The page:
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Gold nanoholes poised to improve medical sensors

Posted: 26 Sep 2013 ?? ?Print Version ?Bookmark and Share

Keywords:medical sensor? gold nanohole? surface plasmon resonance? electron-beam lithography?

A team of researchers at the A*STAR Institute of High Performance Computing in Singapore has found a way to efficiently manufacture arrays of gold nanoholes that enables sensor chips built using these nanostructures to accurately detect cancer-related molecules in the blood and are small enough to be used in portable medical devices. They added that the nanohole arrays are designed so that incident light of certain wavelengths will induce large-scale oscillations of the gold electrons, known as localized surface plasmon resonance (SPR), which focuses the absorbed light energy to enhance fluorescence.

"Commercial SPR systems are already used in hospital laboratories, but they are bulky and expensive," stated Ping Bai, lead author of the study. "We would like to develop small, handheld devices for on-the-spot clinical use. This requires localized SPR, for which we need nanohole arrays."

Previously, nanohole arrays have been created using electron-beam lithography (EBL), which is expensive and time consuming. Bai and co-workers used EBL to create a nickel mould and then used the mould to print nanohole patterns onto a photoresist material. The researchers made the nanostructures by evaporating gold onto the patterned structure before peeling off the photoresist material. Because the nickel mould can be reused many times, this methodcalled nano-imprintingcan produce large numbers of gold nanohole arrays.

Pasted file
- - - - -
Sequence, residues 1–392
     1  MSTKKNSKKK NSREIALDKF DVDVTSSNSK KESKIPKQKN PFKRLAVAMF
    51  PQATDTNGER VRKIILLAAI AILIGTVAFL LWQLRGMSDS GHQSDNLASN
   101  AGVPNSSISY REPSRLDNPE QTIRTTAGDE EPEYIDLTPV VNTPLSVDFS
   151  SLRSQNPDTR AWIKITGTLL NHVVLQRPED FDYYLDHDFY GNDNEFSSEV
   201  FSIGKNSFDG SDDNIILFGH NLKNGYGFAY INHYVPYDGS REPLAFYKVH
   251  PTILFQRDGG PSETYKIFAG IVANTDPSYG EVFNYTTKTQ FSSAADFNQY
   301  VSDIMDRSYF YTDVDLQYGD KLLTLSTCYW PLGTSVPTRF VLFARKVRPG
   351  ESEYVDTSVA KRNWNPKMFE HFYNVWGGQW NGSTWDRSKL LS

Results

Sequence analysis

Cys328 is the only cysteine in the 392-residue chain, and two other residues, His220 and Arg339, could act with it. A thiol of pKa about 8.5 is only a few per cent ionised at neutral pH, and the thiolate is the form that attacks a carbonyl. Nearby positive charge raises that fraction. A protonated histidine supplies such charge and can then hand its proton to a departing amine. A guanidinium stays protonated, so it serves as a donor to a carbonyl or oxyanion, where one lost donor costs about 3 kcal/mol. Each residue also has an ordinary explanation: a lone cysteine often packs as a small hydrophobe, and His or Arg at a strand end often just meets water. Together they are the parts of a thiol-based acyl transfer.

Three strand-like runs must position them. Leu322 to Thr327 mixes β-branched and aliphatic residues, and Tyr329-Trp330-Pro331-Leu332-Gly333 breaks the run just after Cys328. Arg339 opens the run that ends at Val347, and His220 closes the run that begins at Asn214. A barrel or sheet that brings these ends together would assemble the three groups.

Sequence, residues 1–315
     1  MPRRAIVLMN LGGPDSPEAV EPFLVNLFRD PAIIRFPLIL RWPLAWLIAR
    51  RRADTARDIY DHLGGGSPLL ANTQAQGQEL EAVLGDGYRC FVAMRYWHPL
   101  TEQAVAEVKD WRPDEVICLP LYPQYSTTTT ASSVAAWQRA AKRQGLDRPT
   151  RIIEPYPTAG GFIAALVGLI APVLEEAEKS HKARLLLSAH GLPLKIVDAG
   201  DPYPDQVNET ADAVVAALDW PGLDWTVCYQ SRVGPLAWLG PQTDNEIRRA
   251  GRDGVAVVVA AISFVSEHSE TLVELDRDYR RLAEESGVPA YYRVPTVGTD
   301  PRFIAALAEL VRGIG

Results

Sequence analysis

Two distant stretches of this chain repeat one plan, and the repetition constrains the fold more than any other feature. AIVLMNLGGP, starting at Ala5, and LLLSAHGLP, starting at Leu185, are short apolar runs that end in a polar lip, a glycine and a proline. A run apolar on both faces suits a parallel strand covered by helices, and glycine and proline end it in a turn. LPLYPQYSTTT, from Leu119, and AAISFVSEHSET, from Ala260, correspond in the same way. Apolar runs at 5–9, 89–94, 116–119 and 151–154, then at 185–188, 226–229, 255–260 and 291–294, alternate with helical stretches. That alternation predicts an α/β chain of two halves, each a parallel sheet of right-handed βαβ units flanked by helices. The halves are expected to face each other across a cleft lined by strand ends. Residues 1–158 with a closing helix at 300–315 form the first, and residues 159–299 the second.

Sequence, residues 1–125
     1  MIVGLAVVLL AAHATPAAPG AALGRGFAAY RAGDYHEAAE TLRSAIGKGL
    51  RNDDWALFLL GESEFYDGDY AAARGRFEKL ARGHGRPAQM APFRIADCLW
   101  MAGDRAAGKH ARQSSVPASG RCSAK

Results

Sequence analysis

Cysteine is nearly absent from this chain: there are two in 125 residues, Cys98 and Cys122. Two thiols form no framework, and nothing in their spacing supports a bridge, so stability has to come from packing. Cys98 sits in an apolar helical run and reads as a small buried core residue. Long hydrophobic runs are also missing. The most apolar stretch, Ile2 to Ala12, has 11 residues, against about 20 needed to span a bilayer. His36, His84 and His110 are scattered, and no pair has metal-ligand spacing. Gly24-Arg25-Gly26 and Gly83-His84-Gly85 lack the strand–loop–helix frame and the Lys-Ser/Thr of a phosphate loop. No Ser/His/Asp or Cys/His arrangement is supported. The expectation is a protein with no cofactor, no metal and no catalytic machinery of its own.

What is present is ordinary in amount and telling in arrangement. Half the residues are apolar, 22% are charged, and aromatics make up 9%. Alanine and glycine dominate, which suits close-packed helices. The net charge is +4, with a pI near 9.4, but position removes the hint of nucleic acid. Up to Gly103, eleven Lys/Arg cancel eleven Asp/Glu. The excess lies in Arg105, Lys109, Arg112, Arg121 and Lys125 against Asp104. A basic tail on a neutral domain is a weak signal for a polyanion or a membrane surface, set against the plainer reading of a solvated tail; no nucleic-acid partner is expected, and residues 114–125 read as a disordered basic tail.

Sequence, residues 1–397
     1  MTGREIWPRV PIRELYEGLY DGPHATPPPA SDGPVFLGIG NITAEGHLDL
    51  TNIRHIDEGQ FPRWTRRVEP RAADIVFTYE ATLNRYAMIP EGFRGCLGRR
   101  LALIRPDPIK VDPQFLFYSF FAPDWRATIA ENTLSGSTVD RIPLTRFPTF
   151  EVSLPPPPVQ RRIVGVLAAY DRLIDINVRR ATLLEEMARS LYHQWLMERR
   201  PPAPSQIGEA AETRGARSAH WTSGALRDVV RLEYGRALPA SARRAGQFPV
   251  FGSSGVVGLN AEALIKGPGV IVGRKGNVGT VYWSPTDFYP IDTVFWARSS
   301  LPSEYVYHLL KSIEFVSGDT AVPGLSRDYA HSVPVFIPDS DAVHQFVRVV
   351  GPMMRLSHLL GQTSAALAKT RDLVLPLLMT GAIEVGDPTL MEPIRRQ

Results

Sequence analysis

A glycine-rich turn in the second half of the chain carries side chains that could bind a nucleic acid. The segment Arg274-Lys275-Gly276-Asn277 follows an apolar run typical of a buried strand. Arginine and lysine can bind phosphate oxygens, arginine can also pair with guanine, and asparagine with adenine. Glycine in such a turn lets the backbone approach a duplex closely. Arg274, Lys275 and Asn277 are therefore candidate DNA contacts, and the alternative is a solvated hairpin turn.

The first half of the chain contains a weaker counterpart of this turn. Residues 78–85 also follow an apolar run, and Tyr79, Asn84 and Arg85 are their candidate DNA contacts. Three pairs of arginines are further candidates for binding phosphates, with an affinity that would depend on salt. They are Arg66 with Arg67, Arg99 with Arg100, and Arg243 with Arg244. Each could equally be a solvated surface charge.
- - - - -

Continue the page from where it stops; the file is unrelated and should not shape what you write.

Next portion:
"We fabricated arrays of 140nm2 nanoholes with very few defects," noted Bai. As a first demonstration, the researchers showed that a sensor chip made with their nanohole arrays could detect prostate cancer antigens in blood, and was ten times more sensitive than an identical device that used a gold film without nanoholes. Optimising the chip design would further improve the sensitivity, Bai said.

The team believes that these chips could be incorporated into cheap and portable point-of-care devices for rapid diagnosis of diseases such as dengue fever. "The microfluidic cartridge built using our nanohole arrays is about the size of a credit card," continued Bai. "In the future, we hope to build detectors that use very simple light sources such as LEDs and simple detectors similar to smartphone cameras. These devices will have widespread applications across medical science and could even be used to detect contaminants in food, water or the air."

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